For more details see my Nikon AF-S 80-400mm f4.5-5.6G ED VR review where it earned a Highly Recommended in 2014.
Compared to Nikon Z 70-200mm f2.8 VR S plus teleconverter
The Nikon Z 70-200mm f2.8 VR S is an excellent lens and it works like a charm with Nikon’s Z teleconverters: They magnify the image by 1.4x or 2.0x in exchange for a 1 or 2 stop slower focal ratio and translate all EXIF data plus retain every function of the mounted lens. If you already own the Z 70-200mm f2.8 VR S Nikon’s teleconverters are much cheaper, smaller, and lighter than getting the Z 100-400mm f4.5-5.6 VR S plus they give the Z 70-200 a boost in close-up capabilities up to 1:2.4. Optically the results from using the Z TC-1.4x are very good but it only gives you a 98-280mm f4.0 lens. The TC-2.0x results in a 140-400mm f5.6 lens but is taxing the optical abilities of the Z 70-200mm f2.8 VR S: as you can see from the comparisons that combination does not deliver the same sharpness as the Z 100-400. And it starts only at 140mm – a serious disadvantage if you have no time to swap out the teleconverter. So if you already own the Nikon Z 70-200mm f2.8 VR S getting one or both teleconverters gives you added flexibility – and very satisfying optical results with the TC-1.4x. But if you want to reach 400mm focal length the Z 100-400mm f4.5-5.6 VR S simply gives you the better optical quality and the more flexible 4x zoom range – in a package that is 270g lighter than the combination of Z 70-200 and TC-2.0x.
Nikon Z 100-400mm f4.5-5.6 VR S final verdict
Nikon’s Z 100-400mm f4.5-5.6 VR S is a worthy successor to the venerable AF-S 80-400mm f4.5-5.6G ED VR which the new lens surpasses in almost every aspect. It produces very sharp images with almost no field-curvature or colour aberrations and can confidently be used wide open and with a 1.4x teleconverter. Its Bokeh is quite nice and the optical image stabilization of over 5 stops should prove helpful with the challenges of hand-holding a 400mm lens. It may lack the ability of its predecessor to zoom back to 80mm but all-in-all the Z 100-400mm f4.5-5.6 VR S certainly earns a Highly Recommended.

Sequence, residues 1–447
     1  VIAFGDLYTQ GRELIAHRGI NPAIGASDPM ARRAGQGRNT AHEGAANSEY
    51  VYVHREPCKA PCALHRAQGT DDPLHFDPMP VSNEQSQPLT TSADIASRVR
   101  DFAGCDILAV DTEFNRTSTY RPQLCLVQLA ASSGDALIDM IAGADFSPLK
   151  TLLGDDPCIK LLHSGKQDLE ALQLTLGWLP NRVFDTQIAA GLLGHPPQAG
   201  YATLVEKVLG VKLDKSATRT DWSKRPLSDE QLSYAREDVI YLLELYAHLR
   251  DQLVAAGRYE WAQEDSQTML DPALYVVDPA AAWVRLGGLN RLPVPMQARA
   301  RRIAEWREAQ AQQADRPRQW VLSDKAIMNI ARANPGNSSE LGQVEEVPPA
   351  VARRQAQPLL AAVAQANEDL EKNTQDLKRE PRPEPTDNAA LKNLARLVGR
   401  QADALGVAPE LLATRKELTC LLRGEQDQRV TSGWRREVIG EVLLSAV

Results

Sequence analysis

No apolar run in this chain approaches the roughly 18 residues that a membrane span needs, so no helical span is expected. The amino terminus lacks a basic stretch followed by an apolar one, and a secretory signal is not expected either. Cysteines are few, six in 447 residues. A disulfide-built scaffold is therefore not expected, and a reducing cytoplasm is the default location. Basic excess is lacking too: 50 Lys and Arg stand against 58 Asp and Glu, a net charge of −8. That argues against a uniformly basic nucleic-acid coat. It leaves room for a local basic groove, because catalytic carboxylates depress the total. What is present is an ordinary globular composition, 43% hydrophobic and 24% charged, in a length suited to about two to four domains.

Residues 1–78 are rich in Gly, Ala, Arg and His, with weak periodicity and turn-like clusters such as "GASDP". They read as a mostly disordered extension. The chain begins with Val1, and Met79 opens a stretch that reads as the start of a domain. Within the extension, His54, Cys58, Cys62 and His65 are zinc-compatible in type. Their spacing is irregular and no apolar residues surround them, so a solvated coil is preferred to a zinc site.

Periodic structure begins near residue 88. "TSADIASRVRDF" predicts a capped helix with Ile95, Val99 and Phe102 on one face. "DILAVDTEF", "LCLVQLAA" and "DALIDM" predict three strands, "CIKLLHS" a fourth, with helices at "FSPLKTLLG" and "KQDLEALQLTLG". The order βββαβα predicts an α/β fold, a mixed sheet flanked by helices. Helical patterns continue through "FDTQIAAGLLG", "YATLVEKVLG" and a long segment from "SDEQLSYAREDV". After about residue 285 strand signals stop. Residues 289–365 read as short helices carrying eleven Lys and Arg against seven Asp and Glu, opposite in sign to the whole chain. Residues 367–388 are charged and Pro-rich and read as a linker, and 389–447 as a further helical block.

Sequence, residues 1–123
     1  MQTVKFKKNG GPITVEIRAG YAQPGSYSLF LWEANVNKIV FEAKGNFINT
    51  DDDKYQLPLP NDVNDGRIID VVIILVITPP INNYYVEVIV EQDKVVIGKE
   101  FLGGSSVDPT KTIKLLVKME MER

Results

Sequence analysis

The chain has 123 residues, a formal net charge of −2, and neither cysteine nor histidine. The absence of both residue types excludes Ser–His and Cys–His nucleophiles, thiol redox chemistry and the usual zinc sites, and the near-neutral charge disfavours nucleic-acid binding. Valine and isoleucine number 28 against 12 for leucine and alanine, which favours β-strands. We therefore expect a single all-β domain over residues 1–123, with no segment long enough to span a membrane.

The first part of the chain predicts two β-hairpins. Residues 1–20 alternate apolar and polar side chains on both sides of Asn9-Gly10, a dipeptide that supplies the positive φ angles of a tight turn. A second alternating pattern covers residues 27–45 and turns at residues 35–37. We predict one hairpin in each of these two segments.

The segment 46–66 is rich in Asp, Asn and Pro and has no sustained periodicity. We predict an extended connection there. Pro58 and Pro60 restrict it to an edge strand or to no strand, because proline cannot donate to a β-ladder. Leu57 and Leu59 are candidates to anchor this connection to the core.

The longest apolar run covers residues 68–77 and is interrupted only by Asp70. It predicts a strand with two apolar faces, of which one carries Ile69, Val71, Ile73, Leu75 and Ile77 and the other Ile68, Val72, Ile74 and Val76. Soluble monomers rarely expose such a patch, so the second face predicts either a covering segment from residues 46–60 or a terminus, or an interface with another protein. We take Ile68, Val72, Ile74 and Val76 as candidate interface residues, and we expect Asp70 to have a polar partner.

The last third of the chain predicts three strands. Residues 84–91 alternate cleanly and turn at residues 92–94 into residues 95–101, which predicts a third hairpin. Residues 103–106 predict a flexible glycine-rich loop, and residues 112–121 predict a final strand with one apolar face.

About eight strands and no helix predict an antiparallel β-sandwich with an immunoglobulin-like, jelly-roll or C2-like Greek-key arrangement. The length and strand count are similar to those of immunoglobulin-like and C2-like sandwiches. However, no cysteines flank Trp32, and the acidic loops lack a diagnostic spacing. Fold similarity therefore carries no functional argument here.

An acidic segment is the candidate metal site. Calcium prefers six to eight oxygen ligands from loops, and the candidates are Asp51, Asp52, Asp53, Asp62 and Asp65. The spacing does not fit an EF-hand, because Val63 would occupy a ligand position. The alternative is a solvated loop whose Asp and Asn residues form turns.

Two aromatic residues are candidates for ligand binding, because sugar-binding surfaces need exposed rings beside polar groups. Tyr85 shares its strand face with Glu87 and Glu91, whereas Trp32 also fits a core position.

- Very good resolution and contrast at all focal lengths across the full frame.
- Very effective optical image stabilization.
- Very usable close-up performance at a good working distance from f8.0 onwards.
- Almost no longitudinal colour aberrations or purple fringing.
- Only little vignetting and no distortions – through lens-profile.
- Very little field-curvature.
- Fast and reliable AF operation and extremely low focus breathing.
- Nice (although not great) Bokeh.
- Weather sealing, multi function ring, OLED display, function buttons, focus limiter.
- Not perfectly parfocal.
- A bit of focus shift.
- Dampening of flare and glare could be better.
- Tripod foot is not Arca Swiss compatible.
- Wide end starts at 100mm focal length, not 80mm.
- High price.
- Flimsy lens pouch.